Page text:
15. Well, we'd like to try and get the convict to adapt to life on the outside before releasing him.

    Long sentences tend to make people institutionalised (hope I got that right) I remember hearing of an ex convict, who now doesn't commit crime anymore, who visits convicts in jail in order to try and get them see another life than the one in jail.

    He's been so many years behind bars, that he has to fight the urge to commit a crime just to get back to jail.

    They've commited crimes yes, but they're still human beings.

  16. Didn't Sweden just decide to build a new jail that is underground? It seems highly secure. What has me concerned is jail profiteering stories coming from the US right now, so i hope the jails in Sweden are not privitized. It is scary to think that there are some people in the world who look at a bunch of kids playing and all they see are $oldier$ and jailbirds

  17. @mattias - thats a good point. but I feel like there has to be better ways of doing that than taking them out in the middle of crowded shopping markets. the story about the ex-con is quite interesting. those are the kinds of things that I would much prefer over field trips.

    @anonymous - Ill be honest, I have no idea about that. haven't heard or read anything about it. anyone else got anything on that story?

  18. I know vengence isn't a good thing, but really, if someone you loved was killed you can't tell me you wouldn't want to see that person suffer some....?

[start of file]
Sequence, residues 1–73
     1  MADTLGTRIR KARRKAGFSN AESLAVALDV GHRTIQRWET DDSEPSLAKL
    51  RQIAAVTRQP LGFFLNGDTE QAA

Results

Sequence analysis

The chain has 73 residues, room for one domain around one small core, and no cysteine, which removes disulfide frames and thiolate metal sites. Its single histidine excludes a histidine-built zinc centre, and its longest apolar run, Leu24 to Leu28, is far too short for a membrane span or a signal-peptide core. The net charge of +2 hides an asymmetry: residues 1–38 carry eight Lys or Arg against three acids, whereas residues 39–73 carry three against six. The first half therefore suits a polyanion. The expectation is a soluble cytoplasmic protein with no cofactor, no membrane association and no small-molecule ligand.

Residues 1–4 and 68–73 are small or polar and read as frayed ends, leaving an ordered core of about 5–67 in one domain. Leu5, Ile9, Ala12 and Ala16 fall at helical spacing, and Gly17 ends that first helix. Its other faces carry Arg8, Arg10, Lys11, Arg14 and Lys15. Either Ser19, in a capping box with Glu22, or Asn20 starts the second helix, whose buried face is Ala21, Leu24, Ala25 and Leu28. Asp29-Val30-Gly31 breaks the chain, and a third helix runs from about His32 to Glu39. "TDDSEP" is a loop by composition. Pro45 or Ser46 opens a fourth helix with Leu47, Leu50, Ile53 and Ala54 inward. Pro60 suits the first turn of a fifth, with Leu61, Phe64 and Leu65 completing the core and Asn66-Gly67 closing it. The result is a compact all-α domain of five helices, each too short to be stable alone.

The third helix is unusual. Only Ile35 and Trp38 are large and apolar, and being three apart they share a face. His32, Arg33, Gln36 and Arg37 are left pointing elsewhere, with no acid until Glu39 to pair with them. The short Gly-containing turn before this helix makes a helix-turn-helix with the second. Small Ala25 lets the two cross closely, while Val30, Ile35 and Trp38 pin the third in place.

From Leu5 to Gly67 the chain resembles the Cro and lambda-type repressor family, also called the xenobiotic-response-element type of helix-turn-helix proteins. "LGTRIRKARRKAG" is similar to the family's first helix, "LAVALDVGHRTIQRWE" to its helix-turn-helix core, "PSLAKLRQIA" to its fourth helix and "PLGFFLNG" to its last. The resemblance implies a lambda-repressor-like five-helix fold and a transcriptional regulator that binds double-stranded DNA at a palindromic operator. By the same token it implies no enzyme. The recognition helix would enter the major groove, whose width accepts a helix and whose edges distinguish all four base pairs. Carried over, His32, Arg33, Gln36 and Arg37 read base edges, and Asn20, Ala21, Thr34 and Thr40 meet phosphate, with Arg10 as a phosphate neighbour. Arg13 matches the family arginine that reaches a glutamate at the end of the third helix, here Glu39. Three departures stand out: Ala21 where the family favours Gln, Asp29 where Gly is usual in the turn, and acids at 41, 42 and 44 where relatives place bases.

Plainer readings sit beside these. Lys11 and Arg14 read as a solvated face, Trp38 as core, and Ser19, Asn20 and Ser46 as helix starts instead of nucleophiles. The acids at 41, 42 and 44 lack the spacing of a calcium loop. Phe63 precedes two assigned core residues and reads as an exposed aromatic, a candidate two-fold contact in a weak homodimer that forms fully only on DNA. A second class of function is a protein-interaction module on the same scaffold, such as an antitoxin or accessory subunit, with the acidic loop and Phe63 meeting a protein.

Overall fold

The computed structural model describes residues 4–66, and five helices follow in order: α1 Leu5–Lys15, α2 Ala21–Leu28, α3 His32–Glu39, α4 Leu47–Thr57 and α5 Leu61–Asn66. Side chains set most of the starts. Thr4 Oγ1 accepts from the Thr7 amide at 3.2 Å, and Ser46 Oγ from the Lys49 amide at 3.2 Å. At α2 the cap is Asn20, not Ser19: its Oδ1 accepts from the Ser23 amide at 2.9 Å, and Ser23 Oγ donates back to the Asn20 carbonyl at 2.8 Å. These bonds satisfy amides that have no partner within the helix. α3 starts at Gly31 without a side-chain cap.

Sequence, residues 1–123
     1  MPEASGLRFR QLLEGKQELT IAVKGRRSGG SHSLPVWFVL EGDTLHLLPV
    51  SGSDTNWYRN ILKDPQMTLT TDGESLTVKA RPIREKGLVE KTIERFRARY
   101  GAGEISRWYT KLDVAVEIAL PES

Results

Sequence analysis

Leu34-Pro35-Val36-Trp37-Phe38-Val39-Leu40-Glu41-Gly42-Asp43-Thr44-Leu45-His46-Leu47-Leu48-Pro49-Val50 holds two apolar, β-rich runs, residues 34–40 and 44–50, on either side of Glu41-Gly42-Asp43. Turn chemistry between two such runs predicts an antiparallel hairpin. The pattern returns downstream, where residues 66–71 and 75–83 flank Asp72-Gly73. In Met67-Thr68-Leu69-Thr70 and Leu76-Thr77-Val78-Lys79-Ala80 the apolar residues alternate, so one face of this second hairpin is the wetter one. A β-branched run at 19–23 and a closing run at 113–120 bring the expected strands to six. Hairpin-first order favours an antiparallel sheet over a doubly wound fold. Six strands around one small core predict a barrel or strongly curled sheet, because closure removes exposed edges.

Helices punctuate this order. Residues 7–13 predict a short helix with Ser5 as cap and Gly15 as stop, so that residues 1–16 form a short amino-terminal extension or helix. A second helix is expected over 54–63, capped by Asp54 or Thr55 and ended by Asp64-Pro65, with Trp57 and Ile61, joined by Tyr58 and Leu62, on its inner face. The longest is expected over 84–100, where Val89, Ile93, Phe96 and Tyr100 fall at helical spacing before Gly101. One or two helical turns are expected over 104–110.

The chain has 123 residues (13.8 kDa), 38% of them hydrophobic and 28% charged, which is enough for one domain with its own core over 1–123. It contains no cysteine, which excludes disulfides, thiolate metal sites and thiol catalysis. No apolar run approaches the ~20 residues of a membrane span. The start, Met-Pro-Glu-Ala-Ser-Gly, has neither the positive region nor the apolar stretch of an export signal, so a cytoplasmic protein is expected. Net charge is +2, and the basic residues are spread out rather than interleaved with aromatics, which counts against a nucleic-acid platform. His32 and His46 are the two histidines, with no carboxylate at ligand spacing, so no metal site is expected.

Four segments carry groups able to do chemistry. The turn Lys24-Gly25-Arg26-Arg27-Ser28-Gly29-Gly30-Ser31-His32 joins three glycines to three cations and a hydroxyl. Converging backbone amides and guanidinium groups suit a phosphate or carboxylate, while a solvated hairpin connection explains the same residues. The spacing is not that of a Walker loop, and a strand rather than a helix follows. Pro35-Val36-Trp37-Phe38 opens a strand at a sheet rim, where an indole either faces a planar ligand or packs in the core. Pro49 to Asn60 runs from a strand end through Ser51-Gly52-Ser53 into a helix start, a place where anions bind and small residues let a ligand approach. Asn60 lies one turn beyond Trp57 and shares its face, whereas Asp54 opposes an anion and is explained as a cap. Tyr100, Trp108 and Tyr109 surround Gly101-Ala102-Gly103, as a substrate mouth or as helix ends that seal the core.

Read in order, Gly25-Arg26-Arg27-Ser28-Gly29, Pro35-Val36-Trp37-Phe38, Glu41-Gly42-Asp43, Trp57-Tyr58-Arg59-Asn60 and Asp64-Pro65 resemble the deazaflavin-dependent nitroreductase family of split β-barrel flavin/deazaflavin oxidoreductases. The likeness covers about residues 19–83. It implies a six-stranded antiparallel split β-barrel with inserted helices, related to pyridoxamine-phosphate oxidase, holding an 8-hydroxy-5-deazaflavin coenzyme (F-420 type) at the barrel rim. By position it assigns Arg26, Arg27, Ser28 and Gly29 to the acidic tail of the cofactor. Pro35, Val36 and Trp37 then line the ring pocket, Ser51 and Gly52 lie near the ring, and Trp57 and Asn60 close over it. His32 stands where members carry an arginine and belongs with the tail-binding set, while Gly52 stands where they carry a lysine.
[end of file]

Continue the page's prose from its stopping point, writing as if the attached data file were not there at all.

19. oh on a personal level... hell yes.

    it seems though that in Sweden, often times the victim, especially dead ones,take a backseat to the rights of the criminal.

    and honestly, I just don't really understand.

  20. How will the victim and its family have a better life just because the criminal is put to jail for 50 years instead of (for example) 14?

  21. (I say this kindly, with respect...)

    From my experience, those with liberal beliefs/political leanings sometimes ((only)) feel sympathy for those in trouble (criminally or not).

    I feel deep sympathy for those in trouble, too.

    But I think it's imperative that we protect each other from those causing harm, too. Otherwise, we are supporting further harm. And putting our loved ones at risk of being harmed. (Would you send your child into the arms of a rapist? Because you feel sympathy for the rapist? I hope not. But I know far too many who would. And we're supposed to know better than that.)

    If rehabilitation is ever possible, wonderful. But that must be proven. And if it's not, the individual causing harm should be placed where they can no longer cause harm.

  22. The punishments criminals get (in my opinion) is not there for making sure each victim feels satisfied. To do that the sentence would need to change for each victim since we are all different and want different levels of "revenge".

    No, the punishment is there to mark that the criminal did something that society doesn't approve of. It is not there as a way of revenge for the victim.

    Sadly that will some times leave the victims unsatisfied with the punishment.

  23. Nevil - If your cousin raped you and your family felt sorry for him and continued their close bond with him, would you prefer they keep that bond with him for 14 years or for 50? Might you sit there wondering why nobody seems to care about what happened to you?